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Biblioteca BTI 2020 Country Report Mongolia

BTI 2020 Country Report Mongolia

BTI 2020 Country Report Mongolia
BTI 2020 Country Report Mongolia

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Date of publication
Abril 2020
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EXECUTIVE SUMMARY: In July 2017, Democratic Party candidate Khaltmaa Battulga was elected Mongolia’s new president with 50.61% of the vote, defeating his rival Miyegombo Enkhbold from the ruling Mongolian People’s Party (MPP) who received 41.16% of the vote. Importantly, 8.23% of the voters in the second round chose the none-of-the-above option, the so-called blank ballot. Mongolians believe in democracy as a guiding general principle and vision, but they have less trust in the fairness and effectiveness of political institutions. The State Great Khural was paralyzed several times due to an escalation in frictions between major factions within the ruling MPP. Political scandals, such as some 20 members of parliament having allegedly benefited from the state-run SME fund and sexual misconduct allegations against of some members of parliament led to parliament having the lowest public approval of any state institution. In this context, debates over the effectiveness of parliamentary and presidential systems intensified. A number of prominent politicians, columnists and researchers called for establishing a strong presidential system.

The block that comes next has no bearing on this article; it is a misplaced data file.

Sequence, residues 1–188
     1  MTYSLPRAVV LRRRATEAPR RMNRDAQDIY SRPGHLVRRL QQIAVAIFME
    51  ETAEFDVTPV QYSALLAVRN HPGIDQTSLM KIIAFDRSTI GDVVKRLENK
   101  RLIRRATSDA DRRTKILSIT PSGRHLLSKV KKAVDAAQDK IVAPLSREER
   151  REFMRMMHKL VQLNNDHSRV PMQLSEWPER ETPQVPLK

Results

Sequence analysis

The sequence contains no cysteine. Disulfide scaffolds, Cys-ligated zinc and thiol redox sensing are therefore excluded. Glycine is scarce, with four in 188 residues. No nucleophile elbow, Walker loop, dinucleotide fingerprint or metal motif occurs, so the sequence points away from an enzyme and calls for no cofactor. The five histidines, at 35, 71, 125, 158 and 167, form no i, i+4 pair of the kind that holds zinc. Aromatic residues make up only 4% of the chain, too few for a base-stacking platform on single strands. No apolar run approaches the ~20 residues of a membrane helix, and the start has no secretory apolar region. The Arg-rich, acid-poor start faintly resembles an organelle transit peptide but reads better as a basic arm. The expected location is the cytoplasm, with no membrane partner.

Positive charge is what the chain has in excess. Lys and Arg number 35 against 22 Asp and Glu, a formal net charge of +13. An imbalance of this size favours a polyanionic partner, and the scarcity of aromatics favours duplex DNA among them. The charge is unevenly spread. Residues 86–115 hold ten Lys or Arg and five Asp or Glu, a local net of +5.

The prevalence of clientelistic networks, a lack of opportunities for the younger generation and a lack of financial transparency in major political parties are all serious threats to the country’s democratic transformation. There is increasing public dissatisfaction and frustration regarding the lack of democracy and accountability within political parties. Public opinion surveys have continuously confirmed that the majority of Mongolians do not trust political parties.

Mongolia’s economic performance improved dramatically in 2017 and 2018 with the GDP growing by 6.4% in 2018. Copper and coal production and exports increased significantly in 2018. Under an IMF program, the government made significant improvements in fiscal performance, mainly through stricter control of public spending. However, poverty remains one of Mongolia’s biggest issues. The poverty rate in Mongolia declined from 38.7% in 2010 to 21.6% in 2014 and rose again to 29.6% in 2016. Furthermore, there are serious income disparities across regions and localities. Poverty in rural areas remains higher than in the main urban centers. Urban poverty increased, especially among people residing on the outskirts of the ger/yurt districts of the capital city where access to clean air, water and sanitation remains problematic.

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Bertelsmann Stiftung

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